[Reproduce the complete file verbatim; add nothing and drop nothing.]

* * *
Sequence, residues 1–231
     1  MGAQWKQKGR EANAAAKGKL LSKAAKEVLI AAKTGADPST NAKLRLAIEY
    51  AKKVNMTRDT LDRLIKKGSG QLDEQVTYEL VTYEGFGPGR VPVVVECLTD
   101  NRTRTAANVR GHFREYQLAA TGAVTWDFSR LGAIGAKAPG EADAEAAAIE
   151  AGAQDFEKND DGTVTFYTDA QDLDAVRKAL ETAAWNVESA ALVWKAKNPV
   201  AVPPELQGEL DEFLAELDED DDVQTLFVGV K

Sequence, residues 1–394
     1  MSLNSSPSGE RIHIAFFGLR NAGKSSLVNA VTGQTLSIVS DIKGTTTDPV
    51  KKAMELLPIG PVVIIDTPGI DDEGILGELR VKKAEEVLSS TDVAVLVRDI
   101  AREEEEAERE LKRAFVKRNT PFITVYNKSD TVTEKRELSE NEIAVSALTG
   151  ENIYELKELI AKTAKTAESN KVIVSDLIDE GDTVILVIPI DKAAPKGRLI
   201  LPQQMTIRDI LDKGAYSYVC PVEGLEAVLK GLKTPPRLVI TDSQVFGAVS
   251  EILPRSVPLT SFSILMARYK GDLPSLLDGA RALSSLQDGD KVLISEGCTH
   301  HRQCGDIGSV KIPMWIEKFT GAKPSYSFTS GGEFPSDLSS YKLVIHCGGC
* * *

Sequence, residues 1–231
     1  MGAQWKQKGR EANAAAKGKL LSKAAKEVLI AAKTGADPST NAKLRLAIEY
    51  AKKVNMTRDT LDRLIKKGSG QLDEQVTYEL VTYEGFGPGR VPVVVECLTD
   101  NRTRTAANVR GHFREYQLAA TGAVTWDFSR LGAIGAKAPG EADAEAAAIE
   151  AGAQDFEKND DGTVTFYTDA QDLDAVRKAL ETAAWNVESA ALVWKAKNPV
   201  AVPPELQGEL DEFLAELDED DDVQTLFVGV K

Sequence, residues 1–394
     1  MSLNSSPSGE RIHIAFFGLR NAGKSSLVNA VTGQTLSIVS DIKGTTTDPV
    51  KKAMELLPIG PVVIIDTPGI DDEGILGELR VKKAEEVLSS TDVAVLVRDI
   101  AREEEEAERE LKRAFVKRNT PFITVYNKSD TVTEKRELSE NEIAVSALTG
   151  ENIYELKELI AKTAKTAESN KVIVSDLIDE GDTVILVIPI DKAAPKGRLI
   201  LPQQMTIRDI LDKGAYSYVC PVEGLEAVLK GLKTPPRLVI TDSQVFGAVS
   251  EILPRSVPLT SFSILMARYK GDLPSLLDGA RALSSLQDGD KVLISEGCTH
   301  HRQCGDIGSV KIPMWIEKFT GAKPSYSFTS GGEFPSDLSS YKLVIHCGGC